Cycling-How the wheels came off British Cycling
By Neil Robinson
LONDON, England, June 14 (Reuters) - For years the sporting world has wondered about the secret behind Britain Cycling's years of domination and unchallenged success.
If Wednesday's Cycling Independent Review (CIR) lacks the definitive answer, it shines a harsh spotlight on the sport's murkiest corners, where riders and back-up staff cowered in fear of challenging the authorities.
Riders were issued with fierce admonishments for perceived failings and discouraged from developing interests outside cycling; staff were denied any form of personal development, and UK Sport, the government funding agency, looked the other way while more athletes stepped up to the winning podium.
The report is damning, indicating that all proper workplace practice was sacrificed to the drive for more medals and, as a direct consequence, further funding.
Although the culture was unchallenged for years, the CIR makes clear that alarm bells sounded long ago. One member of the World Class Programme (WCP) -- or "medal factory" as it has been labelled -- dated the problems to Beijing 2008 when eight Olympic gold medals delivered a cultural shift from success being an aspiration to a requirement.
Shane Sutton's subsequent removal from the team management for allegedly unacceptable behaviour led to a dip in results.
But with his return as head coach, and with the advent of Team Sky to work side-by-side with the WCP in 2009, normal medal service was resumed. The link seemed clear and the Australian's position became untouchable.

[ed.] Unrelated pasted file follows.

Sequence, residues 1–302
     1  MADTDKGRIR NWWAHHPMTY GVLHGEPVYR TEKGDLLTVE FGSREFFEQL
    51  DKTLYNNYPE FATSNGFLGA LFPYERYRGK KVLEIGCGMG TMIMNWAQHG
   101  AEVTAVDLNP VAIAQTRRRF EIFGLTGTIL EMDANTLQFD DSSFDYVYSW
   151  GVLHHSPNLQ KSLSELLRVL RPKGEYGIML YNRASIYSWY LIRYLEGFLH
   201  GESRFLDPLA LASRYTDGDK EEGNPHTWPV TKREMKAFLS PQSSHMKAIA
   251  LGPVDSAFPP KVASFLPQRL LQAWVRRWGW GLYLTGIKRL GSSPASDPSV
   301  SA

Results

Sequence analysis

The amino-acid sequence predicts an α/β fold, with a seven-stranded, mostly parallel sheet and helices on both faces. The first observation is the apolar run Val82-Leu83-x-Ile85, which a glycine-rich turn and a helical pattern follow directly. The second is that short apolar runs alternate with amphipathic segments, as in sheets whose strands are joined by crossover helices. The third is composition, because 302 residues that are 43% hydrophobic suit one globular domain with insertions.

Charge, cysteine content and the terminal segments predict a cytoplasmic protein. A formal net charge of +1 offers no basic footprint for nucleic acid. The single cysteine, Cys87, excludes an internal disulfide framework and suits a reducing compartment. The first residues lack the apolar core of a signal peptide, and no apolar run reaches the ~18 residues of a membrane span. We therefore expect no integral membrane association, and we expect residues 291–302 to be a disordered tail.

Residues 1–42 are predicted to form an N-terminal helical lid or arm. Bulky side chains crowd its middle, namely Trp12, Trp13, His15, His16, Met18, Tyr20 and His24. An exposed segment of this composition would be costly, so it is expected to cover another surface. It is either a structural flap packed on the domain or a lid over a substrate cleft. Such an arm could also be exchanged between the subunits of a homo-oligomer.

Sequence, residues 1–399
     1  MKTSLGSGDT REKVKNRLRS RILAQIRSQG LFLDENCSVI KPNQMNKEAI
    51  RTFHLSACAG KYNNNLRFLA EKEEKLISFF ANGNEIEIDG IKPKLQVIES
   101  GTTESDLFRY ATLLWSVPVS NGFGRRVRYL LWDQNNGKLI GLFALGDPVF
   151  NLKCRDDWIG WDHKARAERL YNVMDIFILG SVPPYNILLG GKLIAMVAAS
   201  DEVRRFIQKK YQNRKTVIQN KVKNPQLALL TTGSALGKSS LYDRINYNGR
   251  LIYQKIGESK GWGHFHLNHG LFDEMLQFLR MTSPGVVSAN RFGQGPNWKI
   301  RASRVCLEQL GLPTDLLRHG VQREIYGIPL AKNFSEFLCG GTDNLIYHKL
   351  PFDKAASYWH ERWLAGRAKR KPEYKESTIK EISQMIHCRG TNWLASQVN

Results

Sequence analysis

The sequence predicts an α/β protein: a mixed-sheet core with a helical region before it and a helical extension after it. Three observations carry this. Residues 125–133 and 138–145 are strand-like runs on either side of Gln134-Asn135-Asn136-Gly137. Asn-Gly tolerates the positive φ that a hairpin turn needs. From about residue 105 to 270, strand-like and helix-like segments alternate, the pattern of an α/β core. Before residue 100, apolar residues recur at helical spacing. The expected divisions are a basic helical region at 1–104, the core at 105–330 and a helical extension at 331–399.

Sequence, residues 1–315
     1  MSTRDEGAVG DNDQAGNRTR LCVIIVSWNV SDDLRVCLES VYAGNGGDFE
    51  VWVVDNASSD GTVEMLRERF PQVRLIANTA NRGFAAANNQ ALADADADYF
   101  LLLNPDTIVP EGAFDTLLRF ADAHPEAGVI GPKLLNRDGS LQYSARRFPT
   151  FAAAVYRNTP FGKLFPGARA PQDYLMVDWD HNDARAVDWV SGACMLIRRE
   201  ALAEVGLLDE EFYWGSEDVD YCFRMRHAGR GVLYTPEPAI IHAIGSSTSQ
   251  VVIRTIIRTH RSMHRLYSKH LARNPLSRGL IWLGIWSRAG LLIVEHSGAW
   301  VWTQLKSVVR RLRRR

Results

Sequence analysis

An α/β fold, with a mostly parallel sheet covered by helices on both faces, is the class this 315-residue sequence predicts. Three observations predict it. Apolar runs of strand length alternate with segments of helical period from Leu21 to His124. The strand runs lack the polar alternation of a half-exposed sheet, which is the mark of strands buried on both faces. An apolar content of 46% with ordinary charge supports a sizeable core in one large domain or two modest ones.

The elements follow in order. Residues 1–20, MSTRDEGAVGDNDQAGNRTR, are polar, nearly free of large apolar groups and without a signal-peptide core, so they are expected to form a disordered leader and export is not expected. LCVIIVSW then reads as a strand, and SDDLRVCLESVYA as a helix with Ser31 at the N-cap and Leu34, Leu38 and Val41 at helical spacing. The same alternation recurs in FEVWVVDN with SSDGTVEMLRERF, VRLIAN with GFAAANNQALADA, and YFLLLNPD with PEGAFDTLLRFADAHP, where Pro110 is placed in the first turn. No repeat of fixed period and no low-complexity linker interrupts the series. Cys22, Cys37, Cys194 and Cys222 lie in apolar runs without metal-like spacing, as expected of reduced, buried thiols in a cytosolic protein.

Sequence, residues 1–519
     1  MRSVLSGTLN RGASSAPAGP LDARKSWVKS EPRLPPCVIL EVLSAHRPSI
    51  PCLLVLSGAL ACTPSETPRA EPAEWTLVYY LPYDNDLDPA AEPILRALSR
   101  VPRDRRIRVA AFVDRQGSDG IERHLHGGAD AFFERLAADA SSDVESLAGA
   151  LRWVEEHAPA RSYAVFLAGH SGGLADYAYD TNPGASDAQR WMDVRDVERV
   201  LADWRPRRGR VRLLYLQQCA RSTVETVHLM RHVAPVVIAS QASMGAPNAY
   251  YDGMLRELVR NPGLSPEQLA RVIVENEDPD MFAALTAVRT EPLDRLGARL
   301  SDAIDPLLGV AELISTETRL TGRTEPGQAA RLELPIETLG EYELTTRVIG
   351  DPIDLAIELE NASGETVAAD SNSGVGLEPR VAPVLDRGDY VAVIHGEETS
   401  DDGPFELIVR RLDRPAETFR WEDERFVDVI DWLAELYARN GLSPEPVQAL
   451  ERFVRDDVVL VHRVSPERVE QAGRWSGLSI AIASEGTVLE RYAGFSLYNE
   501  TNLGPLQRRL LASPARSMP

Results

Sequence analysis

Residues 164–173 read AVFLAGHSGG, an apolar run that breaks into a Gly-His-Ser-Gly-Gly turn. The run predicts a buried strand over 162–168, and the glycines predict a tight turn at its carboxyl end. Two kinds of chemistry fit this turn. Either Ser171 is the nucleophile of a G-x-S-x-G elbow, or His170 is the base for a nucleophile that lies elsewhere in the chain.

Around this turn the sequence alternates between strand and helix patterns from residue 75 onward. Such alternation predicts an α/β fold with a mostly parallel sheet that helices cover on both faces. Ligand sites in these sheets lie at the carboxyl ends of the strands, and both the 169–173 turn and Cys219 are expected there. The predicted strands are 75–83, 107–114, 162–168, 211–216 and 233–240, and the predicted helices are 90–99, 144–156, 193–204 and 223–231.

The review suggests the WCP went from being "coach-led, athlete-centred" to "coach-led, coach-centred" with the divisive figure of "old-school" Sutton at its heart.
While his drive and dedication were widely admired, Sutton's colourful language was not, with women riders referred to as "Sheilahs" or worse and BMX riders sidelined.
A secret post-2012 British Cycling report highlighted difficulties despite the record 12-medal London haul. "The personal situation regarding interpersonal relationships/behaviours was untenable" and needed urgent address, it said.
Yet nothing was done and UK Sport received only a summary of the report, not its full findings.
Morale plummeted and, with Dave Brailsford's departure as British Cycling's performance director in 2014, Sutton was appointed technical director, a role to which most believed he was totally unsuited.
"SS did not operate in a way which was always appropriate for a modern work place, even if highly pressurised and at the pinnacle of international sporting competition," the report found. "Furthermore, SS should not have been placed into a leading management position within the WCP without appropriate support, guidance and training also being put in place for him."
Staff felt there was no point raising grievances because human resources "were complicit with Shane".
Eventually, the dropping of former World Championships medallist Jess Varnish from the WCP after her failure to qualify for the 2016 Olympics in Rio blew everything apart.
Regarded as a "trouble-maker" and "ring-leader" by some who testified to the panel, Varnish went public with allegations of sexism and bullying, and the whole sorry tale began to emerge.
Yet the panel is clear on who should bear the real responsibility. "Culture starts at the top of any organisation," it said, a finding that British Cycling and UK Sport have been quick to accept
As the dust settles, British sport could face more problems ahead, with threats of legal action in cycling and accusations of racism and bullying now surfacing in other sports, like bobsleigh and swimming.
It is difficult to avoid the conclusion that Britain's recent Olympic success has come at a heavy price. (Reporting by Neil Robinson,; Editing by Neville Dalton)